Strategic journeys are not always in straight lines

May 6, 2016|Thomas Schultz

Business owners and organization leaders face what seem like countless hurdles to the success of their organization. Those hurdles can often get in the way of taking the time to think strategically about your business.

Using an analogy, an organization’s strategic direction is like a conductor for a drum line that the business “dances” to each day. To finish the analogy, when strategy is unclear—like a conductor who doesn’t guide the drum line—you get noise, not music.

What does noise look like?

  • Conflicting priorities
  • Silo thinking
  • A lack of teamwork
  • Inefficient use of time and resources

Envision the beginning

Begin with the clarity of the vision and share what it means with each and every employee of the organization. The ability to tell the story and paint the picture of what “living the vision” looks like is no small task. It must be kept simple to that people can envision what they will personally be doing and seeing inside the business.

People rarely latch on to and believe in “buzz words” on a page—they must be able to see it and be involved in developing and delivering it to the greatest extent possible! As the title of the article suggests, sometimes the initial vision turns out to be unachievable and has to be modified.

Some of the most impactful leaders are those who talk with others regularly about the overall direction of the company. They don’t necessarily go out and solicit feedback, but they do use touch points with those around them. They normally start engaging other leaders in the organization and asking them about how they connect the vision to the work they do every day. They look for understanding of how the work they are doing aligns. Those real-time conversations reveal any gaps in understanding that need to be closed.

If you find people are not connecting the work they do with the overall direction of the business—STOP! It’s probably a good idea to go back and rethink your vision; perhaps not to change it, but certainly to think about how it should be explained and worked into “who we are.”


Everything is important, right? Well, to some people with a lack of clear direction for the business and themselves personally, the answer may well be yes. Not because that is the right answer, but rather it is the result of people trying to do their best where they individually see needs.

Some leaders get caught up in focusing on running the business efficiently daily—after all, if that is not occurring, there won’t be a business to think about long term. However, defining clear direction and priorities can only help increase your chances of long-term success.

Metaphorically speaking, priorities are like stepping stones that create the path to the future that the business envisions. Some companies use other names for priorities, such as milestones, short-term planning, projects, or any number of other names. What’s common to all of them is how critical ongoing leaders’ coaching and direction are to keeping people focused and on task. The priorities that result should encourage cross-functional interaction and cooperation.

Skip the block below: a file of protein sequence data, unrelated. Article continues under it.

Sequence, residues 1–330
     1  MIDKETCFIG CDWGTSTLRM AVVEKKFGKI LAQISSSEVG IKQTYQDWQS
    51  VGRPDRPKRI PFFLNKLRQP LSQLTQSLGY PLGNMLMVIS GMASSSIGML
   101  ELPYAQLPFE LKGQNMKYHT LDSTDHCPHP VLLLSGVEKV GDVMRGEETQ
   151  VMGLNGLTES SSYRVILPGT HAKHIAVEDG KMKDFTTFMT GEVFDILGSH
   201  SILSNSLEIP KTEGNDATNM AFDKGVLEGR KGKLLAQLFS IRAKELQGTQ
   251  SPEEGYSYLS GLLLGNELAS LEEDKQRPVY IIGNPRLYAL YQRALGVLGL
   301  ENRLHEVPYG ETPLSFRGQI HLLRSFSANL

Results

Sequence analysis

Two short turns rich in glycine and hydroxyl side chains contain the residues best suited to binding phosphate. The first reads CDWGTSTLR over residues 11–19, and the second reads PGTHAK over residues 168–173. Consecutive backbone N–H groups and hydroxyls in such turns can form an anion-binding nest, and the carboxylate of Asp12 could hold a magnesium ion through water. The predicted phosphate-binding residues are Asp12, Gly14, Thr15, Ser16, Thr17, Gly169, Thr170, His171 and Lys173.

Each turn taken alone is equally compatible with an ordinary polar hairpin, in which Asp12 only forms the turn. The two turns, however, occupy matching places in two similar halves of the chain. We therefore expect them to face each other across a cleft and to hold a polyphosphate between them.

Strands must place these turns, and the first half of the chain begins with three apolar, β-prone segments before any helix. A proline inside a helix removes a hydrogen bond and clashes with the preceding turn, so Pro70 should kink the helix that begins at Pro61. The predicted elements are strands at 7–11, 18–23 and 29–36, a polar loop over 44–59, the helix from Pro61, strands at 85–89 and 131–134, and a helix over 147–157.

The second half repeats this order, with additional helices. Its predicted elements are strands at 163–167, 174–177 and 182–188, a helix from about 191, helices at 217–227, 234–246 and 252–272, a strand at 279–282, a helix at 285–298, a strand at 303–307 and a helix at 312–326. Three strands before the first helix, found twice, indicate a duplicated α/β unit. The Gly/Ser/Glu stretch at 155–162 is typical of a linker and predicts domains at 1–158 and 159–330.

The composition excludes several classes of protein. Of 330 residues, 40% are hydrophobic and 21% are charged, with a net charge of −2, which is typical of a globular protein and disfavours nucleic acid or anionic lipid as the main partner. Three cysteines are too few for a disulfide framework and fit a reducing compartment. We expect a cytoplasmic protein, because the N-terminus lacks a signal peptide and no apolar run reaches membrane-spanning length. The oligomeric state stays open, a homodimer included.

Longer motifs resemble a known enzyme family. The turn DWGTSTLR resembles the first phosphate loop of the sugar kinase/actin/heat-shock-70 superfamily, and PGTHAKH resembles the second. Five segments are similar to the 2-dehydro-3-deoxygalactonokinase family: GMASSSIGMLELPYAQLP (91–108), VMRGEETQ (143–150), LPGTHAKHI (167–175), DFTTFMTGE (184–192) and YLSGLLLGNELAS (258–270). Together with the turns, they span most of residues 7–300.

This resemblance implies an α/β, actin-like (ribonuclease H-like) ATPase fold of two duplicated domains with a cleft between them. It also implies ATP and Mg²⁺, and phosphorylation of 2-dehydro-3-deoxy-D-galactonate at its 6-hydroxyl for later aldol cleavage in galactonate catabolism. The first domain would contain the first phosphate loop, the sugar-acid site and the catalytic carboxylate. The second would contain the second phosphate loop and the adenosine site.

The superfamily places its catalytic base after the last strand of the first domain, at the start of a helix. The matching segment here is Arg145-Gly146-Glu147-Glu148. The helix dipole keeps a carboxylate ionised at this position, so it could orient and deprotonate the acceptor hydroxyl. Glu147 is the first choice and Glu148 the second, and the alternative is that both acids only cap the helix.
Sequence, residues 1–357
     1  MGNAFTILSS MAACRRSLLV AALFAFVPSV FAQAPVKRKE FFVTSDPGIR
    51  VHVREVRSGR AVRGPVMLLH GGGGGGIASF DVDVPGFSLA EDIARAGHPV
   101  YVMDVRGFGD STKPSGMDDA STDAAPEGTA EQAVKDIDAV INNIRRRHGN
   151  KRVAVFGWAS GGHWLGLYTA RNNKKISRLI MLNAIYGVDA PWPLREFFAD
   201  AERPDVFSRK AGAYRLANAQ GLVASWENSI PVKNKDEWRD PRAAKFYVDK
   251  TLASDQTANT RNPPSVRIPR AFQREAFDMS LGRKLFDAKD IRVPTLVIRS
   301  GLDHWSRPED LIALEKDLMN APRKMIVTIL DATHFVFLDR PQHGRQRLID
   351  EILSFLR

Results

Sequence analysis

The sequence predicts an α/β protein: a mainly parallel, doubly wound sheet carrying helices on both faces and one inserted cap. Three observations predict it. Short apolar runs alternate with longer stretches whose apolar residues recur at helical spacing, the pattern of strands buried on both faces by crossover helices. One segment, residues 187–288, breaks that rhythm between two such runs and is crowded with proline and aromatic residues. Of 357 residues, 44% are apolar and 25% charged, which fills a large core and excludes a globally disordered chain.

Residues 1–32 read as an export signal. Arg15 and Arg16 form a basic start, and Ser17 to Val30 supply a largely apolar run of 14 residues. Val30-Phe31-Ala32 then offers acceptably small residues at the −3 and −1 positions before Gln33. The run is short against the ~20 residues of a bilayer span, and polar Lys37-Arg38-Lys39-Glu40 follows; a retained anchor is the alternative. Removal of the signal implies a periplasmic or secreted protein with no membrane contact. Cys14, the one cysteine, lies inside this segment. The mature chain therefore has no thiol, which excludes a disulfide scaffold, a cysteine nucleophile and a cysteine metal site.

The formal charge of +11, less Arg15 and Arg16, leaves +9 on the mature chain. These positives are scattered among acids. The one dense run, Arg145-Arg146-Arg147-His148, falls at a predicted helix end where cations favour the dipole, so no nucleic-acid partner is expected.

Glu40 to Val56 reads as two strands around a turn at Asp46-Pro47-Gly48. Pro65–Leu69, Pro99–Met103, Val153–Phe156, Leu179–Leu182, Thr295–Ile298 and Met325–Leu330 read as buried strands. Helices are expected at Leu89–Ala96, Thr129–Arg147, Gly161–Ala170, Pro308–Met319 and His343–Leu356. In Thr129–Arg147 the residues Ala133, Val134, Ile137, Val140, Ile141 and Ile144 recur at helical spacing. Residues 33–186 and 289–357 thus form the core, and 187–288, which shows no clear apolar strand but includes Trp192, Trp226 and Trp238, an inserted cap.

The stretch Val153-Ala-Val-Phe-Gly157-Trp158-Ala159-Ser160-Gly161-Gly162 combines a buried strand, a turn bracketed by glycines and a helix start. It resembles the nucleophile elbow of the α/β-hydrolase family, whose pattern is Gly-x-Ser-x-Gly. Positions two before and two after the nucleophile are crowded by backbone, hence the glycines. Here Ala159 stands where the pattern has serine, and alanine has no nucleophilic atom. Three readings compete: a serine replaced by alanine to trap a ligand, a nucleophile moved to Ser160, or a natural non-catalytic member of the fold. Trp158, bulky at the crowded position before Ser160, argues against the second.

Organizations should identify the operational functions that support the overall business. These may include:

  • Brand
  • Operations
  • Talent
  • Capital
  • Technology
  • Client(s)
  • Culture

Then within those operational functions, conduct a Strength, Weakness, Opportunity and Threat (SWOT) or related analysis to define the actions you need consider in aligning the function into the future. This work should be conducted prior to setting specific actions in place, and repeated regularly as a check of alignment with the vision.


Finally, establish key performance indicators (KPIs) that are connected to and measure the movement toward the vision. When priorities are not clear, choosing the right KPIs, such as measuring quality vs. pounds produced, is even harder. Organizations can find themselves spending a lot of time looking for the “one right measure” versus considering how tracking a group of measures may be a better direction.


The best strategic plans do not help the business when they are on a shelf, in a binder somewhere. Where practical, they should be posted, reported on regularly and celebrated as milestones are made.

Listen for how teams are interacting and leveraging each other’s talent. If it is not happening—STOP! Talk openly about how the priorities line up with the existing vision for the organization. Listen for the barriers to teamwork that can include well-meaning personal agendas, misinterpretations of priorities, or simply not being on board with the direction of the organization. In any case, the barriers need to be understood, minimized or addressed so that the organization as a whole can keep moving.

Investing time to check your strategic position can alert you to the need to take either a very defensive or somewhat conservative position to mitigate risk, or indicate when conditions are right to be more competitive or aggressive.

For additional ideas and assistance with keeping your strategic vision on point, contact Thomas Schultz, PHR, or any member of Schenck’s Human Resources Consulting team at 800-236-2246.

Thomas Schultz, PHR, Manager – HR Consulting, has more than 20 years of human resources experience, including building human resource systems and structures that match the changing needs of businesses. He brings a broad blend of skills in areas such as leadership coaching, employee relations, benefits, training and development, change leadership and employment law.